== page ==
Agile development is putting a lot of pressure on traditional CI and testing approaches. It demands faster build and test times so that feedback can be provided quickly to the developers. It also assumes that test system related issues shouldn’t slow down CI pipelines and that tests in isolated, sterile reproducible environments offer the most reliable feedback. For mobile projects, that can also mean performance testing on real devices as well.
Let’s look at the particular case of testing iOS applications on real devices in CI. Execution time for tests is very critical, and testing on multiple devices sequentially would take a long time. The problem gets worse with a lot of test executions and the requirement to keep pace with rapid build frequencies. If the budgets are limitless, then hosted device farms are a great option. Most often teams discover that unlike other cloud services which have gotten cheaper over time, hosted device farms prices don’t come down, but only increase. It’s because new devices get added, and the frequency of test execution keeps growing. As a result, the total cost can get pricey. Additionally hosted device test farms may not benefit the security posture of some organizations that want to secure the protection of their intellectual property.
The approach users take in this scenario is to connect as many iOS devices as possible to available macOS hardware and run test sequentially through CI. But, anyone who is doing this is familiar with the challenges of maintaining and automating test execution on such an infrastructure. They include but are not limited to–cleaning up after a test, starting a new test in a sterile setup, executing tests in parallel on multiple iOS devices (not an issue in newer Xcode version) and more.
One alternate approach is to launch a clean macOS VM which has an iOS device connected for every test execution. Each test run gets a sterile environment and environments with particular test tool settings can be consistently reproduced for very execution. When you build a macOS self-service on-premise cloud with Anka Build, you can programmatically manage and automate association of physically connected iOS devices to macOS VMs for running parallel iOS real device tests.
Anka Build exposes the ability to manage iOS device association with the dynamically provisioned macOS VMs through a command line interface and enables automation of this task. Then, it can easily integrate with the existing iOS CI process.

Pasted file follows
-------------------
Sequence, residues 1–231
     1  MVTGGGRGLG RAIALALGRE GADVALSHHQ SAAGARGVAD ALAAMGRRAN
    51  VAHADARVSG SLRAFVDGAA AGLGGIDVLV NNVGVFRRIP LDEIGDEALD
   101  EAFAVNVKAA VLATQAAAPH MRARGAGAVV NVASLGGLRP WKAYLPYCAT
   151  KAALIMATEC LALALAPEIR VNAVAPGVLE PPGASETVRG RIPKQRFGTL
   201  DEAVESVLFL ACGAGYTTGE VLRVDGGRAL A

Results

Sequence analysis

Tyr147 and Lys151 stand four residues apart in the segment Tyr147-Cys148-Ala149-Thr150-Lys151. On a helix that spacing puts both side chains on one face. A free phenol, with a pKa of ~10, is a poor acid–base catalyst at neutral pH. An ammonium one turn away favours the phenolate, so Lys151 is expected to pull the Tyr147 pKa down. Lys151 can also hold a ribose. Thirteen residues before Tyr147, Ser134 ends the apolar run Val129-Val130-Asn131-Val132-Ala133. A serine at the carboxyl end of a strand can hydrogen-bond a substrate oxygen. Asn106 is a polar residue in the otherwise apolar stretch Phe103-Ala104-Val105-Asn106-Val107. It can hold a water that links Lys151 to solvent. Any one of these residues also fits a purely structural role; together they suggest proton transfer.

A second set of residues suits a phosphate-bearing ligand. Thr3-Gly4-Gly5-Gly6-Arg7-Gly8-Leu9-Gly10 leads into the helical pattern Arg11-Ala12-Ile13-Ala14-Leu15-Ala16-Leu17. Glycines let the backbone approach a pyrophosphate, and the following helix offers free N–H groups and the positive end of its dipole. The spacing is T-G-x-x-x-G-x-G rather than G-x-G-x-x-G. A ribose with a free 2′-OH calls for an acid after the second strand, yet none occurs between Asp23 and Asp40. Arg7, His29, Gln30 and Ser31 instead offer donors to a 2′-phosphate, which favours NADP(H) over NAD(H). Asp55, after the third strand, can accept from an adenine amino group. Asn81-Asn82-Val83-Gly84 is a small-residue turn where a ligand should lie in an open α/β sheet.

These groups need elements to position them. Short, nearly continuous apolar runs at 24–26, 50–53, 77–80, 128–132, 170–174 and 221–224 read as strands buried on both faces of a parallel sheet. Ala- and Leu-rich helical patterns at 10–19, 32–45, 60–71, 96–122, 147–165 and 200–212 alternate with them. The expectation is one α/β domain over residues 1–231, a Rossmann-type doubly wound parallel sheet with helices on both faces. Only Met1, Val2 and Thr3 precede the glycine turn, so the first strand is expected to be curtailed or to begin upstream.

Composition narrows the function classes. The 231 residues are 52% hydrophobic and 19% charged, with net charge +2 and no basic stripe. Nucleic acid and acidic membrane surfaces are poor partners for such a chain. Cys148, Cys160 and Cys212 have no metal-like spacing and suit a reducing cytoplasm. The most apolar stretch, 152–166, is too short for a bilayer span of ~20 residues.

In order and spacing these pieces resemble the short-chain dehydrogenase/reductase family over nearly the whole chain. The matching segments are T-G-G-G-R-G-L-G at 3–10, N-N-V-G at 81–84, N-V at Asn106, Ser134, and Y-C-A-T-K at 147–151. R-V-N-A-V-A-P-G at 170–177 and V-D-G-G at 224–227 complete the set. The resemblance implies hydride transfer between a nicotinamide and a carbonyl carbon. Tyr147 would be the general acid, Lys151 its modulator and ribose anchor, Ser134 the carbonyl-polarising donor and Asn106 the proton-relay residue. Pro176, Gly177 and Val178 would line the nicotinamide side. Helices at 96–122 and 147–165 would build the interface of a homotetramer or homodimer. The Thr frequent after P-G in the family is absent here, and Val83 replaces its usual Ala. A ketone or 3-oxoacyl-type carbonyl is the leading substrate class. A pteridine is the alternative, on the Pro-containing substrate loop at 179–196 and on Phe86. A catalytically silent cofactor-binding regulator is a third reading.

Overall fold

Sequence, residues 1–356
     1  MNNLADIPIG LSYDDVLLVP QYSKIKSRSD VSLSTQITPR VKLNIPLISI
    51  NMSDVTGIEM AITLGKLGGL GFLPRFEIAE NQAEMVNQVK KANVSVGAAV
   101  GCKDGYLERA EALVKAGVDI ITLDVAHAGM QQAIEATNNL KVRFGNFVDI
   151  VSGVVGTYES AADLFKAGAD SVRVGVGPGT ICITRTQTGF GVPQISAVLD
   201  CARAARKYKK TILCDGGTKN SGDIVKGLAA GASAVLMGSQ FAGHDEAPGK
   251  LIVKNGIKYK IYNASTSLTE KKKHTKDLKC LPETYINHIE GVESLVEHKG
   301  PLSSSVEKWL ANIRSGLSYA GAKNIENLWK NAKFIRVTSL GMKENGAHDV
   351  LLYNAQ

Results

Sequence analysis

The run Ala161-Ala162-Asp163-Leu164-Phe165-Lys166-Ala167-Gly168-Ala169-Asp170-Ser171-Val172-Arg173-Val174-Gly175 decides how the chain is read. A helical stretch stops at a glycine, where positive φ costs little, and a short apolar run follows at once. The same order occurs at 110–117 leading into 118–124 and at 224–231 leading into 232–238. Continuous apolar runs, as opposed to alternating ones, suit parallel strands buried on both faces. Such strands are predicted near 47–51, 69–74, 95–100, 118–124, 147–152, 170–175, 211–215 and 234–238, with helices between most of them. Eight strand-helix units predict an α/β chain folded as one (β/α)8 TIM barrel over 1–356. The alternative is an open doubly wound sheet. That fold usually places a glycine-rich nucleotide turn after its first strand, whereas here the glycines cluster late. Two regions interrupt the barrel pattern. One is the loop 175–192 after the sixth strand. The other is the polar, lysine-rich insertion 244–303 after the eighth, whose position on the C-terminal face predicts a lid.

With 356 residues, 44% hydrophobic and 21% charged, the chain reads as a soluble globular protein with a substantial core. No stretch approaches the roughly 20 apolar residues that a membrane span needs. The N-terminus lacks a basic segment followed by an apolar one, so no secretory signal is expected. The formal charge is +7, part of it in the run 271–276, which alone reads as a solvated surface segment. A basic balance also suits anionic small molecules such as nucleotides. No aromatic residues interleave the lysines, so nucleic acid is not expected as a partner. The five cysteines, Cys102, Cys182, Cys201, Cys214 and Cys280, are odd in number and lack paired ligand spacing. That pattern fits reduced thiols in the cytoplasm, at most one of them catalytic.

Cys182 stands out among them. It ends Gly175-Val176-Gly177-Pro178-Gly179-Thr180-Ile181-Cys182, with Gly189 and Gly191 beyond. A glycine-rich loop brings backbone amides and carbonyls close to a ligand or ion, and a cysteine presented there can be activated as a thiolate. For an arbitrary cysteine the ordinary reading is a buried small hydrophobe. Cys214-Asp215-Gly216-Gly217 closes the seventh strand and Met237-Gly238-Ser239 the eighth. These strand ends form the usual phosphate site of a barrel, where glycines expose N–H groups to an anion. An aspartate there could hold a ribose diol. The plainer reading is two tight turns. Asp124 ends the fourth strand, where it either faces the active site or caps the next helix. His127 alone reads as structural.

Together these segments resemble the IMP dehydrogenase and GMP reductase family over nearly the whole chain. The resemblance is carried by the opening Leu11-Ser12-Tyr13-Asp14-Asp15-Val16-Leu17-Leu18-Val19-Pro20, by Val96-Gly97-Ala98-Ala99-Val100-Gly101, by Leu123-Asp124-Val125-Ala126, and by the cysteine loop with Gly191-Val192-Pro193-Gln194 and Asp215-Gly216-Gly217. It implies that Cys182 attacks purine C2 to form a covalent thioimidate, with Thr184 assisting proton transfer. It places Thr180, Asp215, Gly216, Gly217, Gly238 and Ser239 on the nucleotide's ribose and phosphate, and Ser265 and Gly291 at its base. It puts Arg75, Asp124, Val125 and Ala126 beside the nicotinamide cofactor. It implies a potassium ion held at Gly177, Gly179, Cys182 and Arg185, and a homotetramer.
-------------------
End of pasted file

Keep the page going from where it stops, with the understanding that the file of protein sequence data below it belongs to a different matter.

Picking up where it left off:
How does it work?
Let’s say that you have a cluster of centralized build/test Apple machines (on-premise or hosted).
Step 1 – Connect one or more iOS devices to these machines.
Step 2 – Create a group using `anka usb-group` command. The Anka USB group feature eliminates the need to pre-define/attach individual iOS devices to test environments. A dynamically provisioned test environment/VM can, at run time, get a free device from the USB group (think of the group as a pool) attached to it, execute the test and release the device for use in the subsequent test.
Step 3 – Add the iOS devices to this usb group.
anka usb-group --help
Usage: anka usb-group [OPTIONS] COMMAND [ARGS]...
manage usb device groups, and you can attach a group to a vm so the vm could
pull an available usb device from that group
--help Show this message and exit. [optional]
add-device : adds a device to a usb group, if the group...
create : create a new usb group
delete : delete a usb group and release all it's...
list : show all usb groups
list-group-devices : show all devices that belongs to a group
remove-device : remove a device from a usb group
Step 4 – Attach this usb group (pool of iOS devices) to the VM using anka modify command.
anka modify VM add usb-group --help
Usage: anka modify add usb-group [OPTIONS] GROUP_NAME
Step 5 – Push the VM as a base VM to Anka registry.
Step 6 – Now, when you provision test environments with this base VM on the build host with the devices attached, the VMs will claim the first available devices from the group, execute the test and release them for the next test job execution.
This approach provides a clean test environment setup for every test run, reduces the management overhead of claiming/releasing devices and offers a programmatic interface to do this automatically.
If you would rather work with the single iOS device instead of a pool, you can use the same USB pass through Anka USB command line interface.
anka usb [OPTIONS] COMMAND [ARGS]...
Do actions on USB devices
--help Show this message and exit. [optional]
claim : make a device available for attaching to vms,...
list : list all available usb devices on this host
release : release a device back to host availability,...
anka modify add usb-device [OPTIONS] DEVICE_IDENTIFIER
For detailed information on how to setup a self-service macOS on-premise cloud, read this Anka Build blog.